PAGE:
Arsameia Archaeological Site is 35 km (21 mile) far to Adiyaman centurum. Arsameia on the Nymphaios  is an ancient city located in Eski Kahta in the Turkish province of Adıyaman, the ancient Nymphaios is the modern river Kahtaçay. Arsameia was a royal seat of the kingdom of Commagene. It is best known for the Hierothesion of King Mithridates I. Kallinikos, built for him by his son and heir Antiochos I.

Arsameia was founded in the Third Century BCE by the Armenian king Arsames (255–225 BCE). It was then taken in 235 BCE by the Seleukid Antiochus Hierax who was fleeing from his brother Seleucus II, who was later claimed as an ancestor by the Commagenian King Antiochus I. The city had already been abandoned again by Roman times, stones from local graves were used by Roman soldiers or building bridges.

The Greek word Hierothesion is term for the holy burial areas of those belonging to the royal house, and is only known from Commagene. Apart from the Hierothesion, which Antiochos himself built on Nemrut Dağı, and the second one on Karakuş, which his son Mithridates II. Built for the female members of the royal house, a third is to be found in Arsameia , the burial site and the associated cultic area for Antiochus’ father Mithridates. A processional way leads up the mountain in the form of a Z and passes three sites which its discoverer Friedrich Karl Dörner marked as Sites I–III. At the first of these, Site II, stands the fragment described as the Mithras Relief. It is the right hand side of a dexiosis, which shows Antiochos or Mithridates shaking hands with the sun god Mithras. Antiochus and those associated with him depicted themselves as being on the same level as the gods through these representations which are distributed throughout Commagene. Dörner was able to re-erect the upper and lower halves of Mithras, of the left-hand side of the relief only part of a shoulder was found, which Dörner however identified with one of the kings due to its clothing.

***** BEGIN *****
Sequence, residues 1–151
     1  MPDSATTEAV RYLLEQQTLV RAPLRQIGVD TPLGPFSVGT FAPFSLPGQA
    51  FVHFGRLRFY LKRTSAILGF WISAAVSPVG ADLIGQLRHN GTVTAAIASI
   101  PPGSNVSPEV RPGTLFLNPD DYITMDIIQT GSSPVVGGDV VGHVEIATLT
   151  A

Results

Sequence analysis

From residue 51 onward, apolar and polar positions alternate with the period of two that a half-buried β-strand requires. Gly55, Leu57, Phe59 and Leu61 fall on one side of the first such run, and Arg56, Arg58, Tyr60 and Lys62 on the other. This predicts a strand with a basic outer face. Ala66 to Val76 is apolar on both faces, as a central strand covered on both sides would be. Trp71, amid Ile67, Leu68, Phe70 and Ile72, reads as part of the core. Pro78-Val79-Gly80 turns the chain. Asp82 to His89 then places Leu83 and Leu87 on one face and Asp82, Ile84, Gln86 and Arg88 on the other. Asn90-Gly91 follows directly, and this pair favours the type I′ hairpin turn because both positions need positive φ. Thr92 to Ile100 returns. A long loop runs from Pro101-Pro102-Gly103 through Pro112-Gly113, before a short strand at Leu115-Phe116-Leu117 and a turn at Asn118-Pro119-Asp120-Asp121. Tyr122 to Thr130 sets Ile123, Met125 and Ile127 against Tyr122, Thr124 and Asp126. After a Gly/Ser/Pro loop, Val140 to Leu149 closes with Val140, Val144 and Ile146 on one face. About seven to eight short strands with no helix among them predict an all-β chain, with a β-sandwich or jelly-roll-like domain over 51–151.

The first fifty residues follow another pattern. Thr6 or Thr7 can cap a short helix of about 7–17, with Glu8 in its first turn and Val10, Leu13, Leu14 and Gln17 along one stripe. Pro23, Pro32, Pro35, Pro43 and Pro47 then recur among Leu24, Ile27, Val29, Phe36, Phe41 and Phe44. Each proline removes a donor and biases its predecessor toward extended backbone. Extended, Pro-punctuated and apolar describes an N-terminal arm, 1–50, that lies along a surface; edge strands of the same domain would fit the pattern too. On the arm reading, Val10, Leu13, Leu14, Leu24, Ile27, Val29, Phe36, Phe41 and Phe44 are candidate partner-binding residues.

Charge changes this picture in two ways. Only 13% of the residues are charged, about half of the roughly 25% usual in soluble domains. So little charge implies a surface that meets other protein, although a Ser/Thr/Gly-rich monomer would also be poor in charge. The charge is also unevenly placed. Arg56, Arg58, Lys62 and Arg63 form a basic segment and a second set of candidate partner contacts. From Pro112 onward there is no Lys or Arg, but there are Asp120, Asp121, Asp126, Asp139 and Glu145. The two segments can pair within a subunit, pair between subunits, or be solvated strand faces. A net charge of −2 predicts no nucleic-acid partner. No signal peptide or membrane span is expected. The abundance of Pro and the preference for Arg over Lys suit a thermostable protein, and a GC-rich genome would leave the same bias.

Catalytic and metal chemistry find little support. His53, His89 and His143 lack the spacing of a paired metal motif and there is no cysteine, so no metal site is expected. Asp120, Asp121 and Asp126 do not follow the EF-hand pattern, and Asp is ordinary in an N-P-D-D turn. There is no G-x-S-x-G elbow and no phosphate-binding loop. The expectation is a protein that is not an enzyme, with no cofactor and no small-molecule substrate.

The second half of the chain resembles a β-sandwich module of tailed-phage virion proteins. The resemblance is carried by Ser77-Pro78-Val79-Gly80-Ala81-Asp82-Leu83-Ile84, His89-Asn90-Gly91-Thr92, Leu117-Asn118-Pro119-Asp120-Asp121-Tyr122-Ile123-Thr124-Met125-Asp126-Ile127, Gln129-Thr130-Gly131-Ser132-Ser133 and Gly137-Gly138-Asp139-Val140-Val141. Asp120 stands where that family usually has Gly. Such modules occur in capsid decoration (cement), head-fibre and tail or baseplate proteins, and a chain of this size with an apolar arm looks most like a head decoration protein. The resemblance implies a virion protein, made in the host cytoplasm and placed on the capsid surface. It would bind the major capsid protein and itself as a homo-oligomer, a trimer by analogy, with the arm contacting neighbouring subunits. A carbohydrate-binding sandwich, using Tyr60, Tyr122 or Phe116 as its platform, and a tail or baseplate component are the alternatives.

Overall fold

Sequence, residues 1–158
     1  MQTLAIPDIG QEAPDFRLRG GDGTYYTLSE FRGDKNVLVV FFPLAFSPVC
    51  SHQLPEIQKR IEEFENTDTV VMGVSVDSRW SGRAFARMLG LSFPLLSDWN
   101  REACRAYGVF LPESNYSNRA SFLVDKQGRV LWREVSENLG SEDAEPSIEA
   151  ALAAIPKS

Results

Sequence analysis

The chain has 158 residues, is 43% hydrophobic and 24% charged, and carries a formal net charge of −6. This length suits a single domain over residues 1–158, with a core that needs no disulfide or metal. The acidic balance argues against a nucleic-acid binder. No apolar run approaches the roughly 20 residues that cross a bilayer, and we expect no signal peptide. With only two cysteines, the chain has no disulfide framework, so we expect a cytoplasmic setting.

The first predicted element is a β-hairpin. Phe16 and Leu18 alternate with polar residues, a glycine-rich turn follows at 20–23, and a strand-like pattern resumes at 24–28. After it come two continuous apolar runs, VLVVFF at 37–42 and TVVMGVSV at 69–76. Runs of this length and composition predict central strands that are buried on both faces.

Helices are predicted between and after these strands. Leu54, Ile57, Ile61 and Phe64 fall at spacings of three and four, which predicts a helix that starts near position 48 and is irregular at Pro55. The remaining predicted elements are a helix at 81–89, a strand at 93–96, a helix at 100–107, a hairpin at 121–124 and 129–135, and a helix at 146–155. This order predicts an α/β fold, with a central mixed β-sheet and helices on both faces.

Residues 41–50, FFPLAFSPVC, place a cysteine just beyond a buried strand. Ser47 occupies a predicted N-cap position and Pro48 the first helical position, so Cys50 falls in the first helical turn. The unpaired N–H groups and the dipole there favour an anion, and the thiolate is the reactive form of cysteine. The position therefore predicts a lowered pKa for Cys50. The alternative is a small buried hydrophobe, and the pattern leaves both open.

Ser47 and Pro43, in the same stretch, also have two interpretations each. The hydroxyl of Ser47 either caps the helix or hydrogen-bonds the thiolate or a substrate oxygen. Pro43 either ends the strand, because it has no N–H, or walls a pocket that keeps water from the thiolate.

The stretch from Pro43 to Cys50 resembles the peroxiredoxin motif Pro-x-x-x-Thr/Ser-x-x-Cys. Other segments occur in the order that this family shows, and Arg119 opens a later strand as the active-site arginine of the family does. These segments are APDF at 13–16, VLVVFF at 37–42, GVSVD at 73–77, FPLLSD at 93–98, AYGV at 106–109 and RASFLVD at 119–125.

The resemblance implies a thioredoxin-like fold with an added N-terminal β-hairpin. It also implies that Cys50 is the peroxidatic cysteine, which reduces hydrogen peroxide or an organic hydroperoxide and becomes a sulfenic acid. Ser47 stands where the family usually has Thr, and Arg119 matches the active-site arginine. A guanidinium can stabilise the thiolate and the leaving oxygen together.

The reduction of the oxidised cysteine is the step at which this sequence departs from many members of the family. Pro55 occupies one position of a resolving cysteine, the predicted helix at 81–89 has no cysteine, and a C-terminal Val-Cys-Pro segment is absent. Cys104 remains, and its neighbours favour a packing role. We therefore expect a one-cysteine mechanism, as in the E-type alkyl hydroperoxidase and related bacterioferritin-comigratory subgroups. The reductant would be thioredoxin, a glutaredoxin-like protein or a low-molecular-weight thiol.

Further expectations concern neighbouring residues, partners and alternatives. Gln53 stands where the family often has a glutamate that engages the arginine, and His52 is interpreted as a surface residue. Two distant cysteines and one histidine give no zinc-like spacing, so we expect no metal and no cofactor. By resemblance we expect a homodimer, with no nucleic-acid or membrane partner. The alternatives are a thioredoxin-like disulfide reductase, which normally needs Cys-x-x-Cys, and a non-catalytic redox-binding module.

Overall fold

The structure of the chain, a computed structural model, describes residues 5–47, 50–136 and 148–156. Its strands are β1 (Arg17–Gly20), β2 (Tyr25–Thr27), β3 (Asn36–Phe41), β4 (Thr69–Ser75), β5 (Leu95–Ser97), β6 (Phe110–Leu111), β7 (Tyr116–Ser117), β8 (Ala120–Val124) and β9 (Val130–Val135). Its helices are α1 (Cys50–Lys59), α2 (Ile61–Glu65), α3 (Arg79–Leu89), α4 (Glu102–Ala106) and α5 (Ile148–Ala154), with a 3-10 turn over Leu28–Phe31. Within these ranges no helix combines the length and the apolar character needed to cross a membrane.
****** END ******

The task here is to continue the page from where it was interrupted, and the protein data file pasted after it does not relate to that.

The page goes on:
On the first bend of the path is located Site I. Here too can be seen the remains of the depiction of a dexiosis, in which the portraits can no longer be identified. In addition to this there is a hallway carved into the rock, from which 14 steps lead up to a further room, nine meters high and about eight by eight meters in size. The function of this is not clear Dörner took it to be a temple to Mithras, while other archaeologists conjecture that it could be the burial site of Mithridates.

The path leads on further to Site III. Here on a wall of rock was found an inscription of Antiochos in five columns, in which he relates the story of how the city was founded and the building of the Hierothesion as well as detailed instructions about how to carry out the rites that needed to be performed. Since the inscription had been almost completely covered in earth from ancient times it is still in an amazing condition. In the lower part of the inscribed wall a walkway begins that goes steeply up the rock and then suddenly ends after 158 metres. Nothing is known about its purpose. Above the wall stands the best preserved dexiosis relief of Commagene. It shows one of the two kings, either Antiochos or Mithridates shaking hands with a naked Herakles, recognized by a club.

The processional way leads further beyond this site as far as the summit of the mountain. There was found the foundations of buildings with mosaic flooring, which can be dated back to the Second Century before Christ. On the basis of fragments of sculpture Dörner takes it that this is where the mausoleum of Mithridates stood, decorated with statues.

Open daily between 09:00-17:30
Address: Kahta – Adıyaman
Tel: +90.
Admission: 5 TL

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